Daily Nebraskan. They do not necessarily reflect the views
of the University of Nebraska-Lincoln, its employees, its
student body or the University of Nebraska Board of
Regents. A column is solely the opinion of its author. The
Board of Regents acts as publisher of the Daily Nebraskan;
policy is set by the Daily Nebraskan Editorial Board. The
UNL Publications Board, established by the regents, super
vises the publication of the paper. According to policy set by
the regents, responsibility for the editorial content of the
newspaper lies solely in the hands of its student employees.
The Daily Nebraskan strives to print fair and accurate cover
age; any corrections or clarifications will be printed on page
flON’T goTHeR
w __ —
Letters to the
Cool Cards
I would like to commend the A
Team on Wednesday’s advertisement.
I supported all points except one.
Credit card solicitation should not be
abolished on campus. Too often,
credit cards are blamed for debt.
Actually, unwanted debt is caused by
the irresponsible behavior of con
sumers. Credit cards are not a blank
check and must be repaid just like any
other bill.
I was unable to obtain a credit
card without a co-signer until I was
enrolled at UNL in 1996. Being a col
lege student guaranteed I would be
able to start my own credit history
that would help secure a loan for a
home in the future. I also wanted a
credit card to gain the benefits of
insurance, ease of use almost any
where, free extended warranties on
larger purchases, itemized monthly
statements, etc.
I have never incurred a finance
charge in four years and do not plan
on one unless an emergency arises.
You have free will, students - don’t
buy into A-Team’s jargon that a booth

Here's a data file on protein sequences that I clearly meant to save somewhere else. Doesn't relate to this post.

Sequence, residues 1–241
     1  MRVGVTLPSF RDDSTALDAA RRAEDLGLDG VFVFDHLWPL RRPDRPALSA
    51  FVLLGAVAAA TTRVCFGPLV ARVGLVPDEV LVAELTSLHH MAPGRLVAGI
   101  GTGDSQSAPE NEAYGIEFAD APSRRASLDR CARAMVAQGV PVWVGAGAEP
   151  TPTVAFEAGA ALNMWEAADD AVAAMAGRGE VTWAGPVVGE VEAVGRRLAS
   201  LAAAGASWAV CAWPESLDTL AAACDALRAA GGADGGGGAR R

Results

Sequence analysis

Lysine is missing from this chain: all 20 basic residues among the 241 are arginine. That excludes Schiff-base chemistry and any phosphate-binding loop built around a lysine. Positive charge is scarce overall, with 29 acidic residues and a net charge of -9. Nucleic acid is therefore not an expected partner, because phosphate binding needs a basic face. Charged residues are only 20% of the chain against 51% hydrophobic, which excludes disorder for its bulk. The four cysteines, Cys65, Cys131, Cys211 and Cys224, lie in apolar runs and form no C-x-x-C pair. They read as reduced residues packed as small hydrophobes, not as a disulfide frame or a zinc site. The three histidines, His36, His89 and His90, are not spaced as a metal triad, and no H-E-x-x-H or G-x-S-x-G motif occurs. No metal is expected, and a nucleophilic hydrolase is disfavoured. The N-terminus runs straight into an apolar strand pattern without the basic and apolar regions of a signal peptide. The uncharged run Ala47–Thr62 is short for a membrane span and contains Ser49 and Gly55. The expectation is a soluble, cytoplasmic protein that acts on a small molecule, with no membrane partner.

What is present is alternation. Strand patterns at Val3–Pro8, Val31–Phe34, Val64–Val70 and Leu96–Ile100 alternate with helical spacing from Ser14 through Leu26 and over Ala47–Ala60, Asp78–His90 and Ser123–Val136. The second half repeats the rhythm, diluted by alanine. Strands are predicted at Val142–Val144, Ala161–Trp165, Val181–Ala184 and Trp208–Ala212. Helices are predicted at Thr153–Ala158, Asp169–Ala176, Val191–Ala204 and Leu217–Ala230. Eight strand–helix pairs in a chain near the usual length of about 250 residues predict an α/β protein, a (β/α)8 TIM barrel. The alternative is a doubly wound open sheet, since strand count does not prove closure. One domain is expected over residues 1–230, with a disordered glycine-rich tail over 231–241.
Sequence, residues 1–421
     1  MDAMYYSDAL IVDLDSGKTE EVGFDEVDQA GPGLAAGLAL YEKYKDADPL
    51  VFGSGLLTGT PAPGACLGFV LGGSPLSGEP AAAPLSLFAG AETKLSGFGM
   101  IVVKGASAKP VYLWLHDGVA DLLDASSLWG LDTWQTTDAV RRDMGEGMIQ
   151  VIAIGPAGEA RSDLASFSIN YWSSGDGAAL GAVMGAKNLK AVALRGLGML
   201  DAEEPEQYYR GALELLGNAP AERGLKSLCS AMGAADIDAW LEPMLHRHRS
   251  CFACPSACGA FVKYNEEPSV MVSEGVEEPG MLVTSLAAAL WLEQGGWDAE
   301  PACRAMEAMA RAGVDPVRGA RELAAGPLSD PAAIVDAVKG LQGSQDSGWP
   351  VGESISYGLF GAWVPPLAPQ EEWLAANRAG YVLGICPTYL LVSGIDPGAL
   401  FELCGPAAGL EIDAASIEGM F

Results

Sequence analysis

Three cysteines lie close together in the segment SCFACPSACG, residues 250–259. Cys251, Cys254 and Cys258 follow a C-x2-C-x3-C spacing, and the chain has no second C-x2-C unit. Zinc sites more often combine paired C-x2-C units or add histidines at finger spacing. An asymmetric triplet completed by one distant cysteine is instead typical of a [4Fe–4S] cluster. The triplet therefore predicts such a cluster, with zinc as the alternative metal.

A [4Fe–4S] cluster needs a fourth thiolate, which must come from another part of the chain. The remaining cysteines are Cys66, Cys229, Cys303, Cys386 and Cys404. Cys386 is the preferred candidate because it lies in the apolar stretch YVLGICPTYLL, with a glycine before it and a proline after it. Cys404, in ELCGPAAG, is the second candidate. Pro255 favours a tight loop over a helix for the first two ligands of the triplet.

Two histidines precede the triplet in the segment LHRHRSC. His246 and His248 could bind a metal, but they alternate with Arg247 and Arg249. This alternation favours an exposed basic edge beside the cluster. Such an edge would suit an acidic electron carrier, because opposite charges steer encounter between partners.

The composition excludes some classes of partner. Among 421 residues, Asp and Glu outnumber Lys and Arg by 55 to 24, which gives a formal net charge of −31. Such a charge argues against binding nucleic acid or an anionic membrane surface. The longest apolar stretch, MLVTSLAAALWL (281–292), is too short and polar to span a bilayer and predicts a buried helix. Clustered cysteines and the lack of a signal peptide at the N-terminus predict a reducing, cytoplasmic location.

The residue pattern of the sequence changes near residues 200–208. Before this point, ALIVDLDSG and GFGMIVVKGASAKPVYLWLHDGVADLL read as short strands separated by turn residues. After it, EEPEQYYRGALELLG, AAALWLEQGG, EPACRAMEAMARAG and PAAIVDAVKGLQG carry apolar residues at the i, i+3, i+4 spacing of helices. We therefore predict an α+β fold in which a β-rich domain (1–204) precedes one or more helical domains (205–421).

on campus forces you to get a credit
card and run up a high bill.
Brett Otte
Steak Stats
If I were writing an article on veg
etarianism in a state that is ranked
first in beef export and beef slaughter
and tied for second in total beef pro
duction, I would not use sources that
were dated from 1995. Unfortunately,
Jeremy Patrick did not do his meat
The American Council on
Science and Health stated that two to
seven percent of all Americans are
vegetarians. Of those, less than one
percent completely explude meat,
poultry, fish and shellfish from their
diets. Foods derived from animals
contribute 70 percent of dietary pro
tein, 40 percent of dietary calories
and 30 to 40 percent of dietary thi
amin, Vitamin A, iron and magne
In concurrence with the dietary
guidelines for the U.S. Department of
Agriculture and the U.S. Department
of Health and Human Services, con
suming animal-derived foods is an
important nutritional contribution to
healthful diets. A Penn State
University study concluded women
from age of 60 to 80 had immune sys
tems nearly as strong as those of
women age 20 to 40 when protein,
iron, Vitamin B12 and folic acid (all
animal-derived) were included in
their diets.
As for the wonderful insight into
veal production (sarcasm intended),
contact the American Veal
Association and examine the pages of
requirements and objectives needed
to be a certified veal producer.
Animal scientists, veterinarians and
the Animal Health Committee of the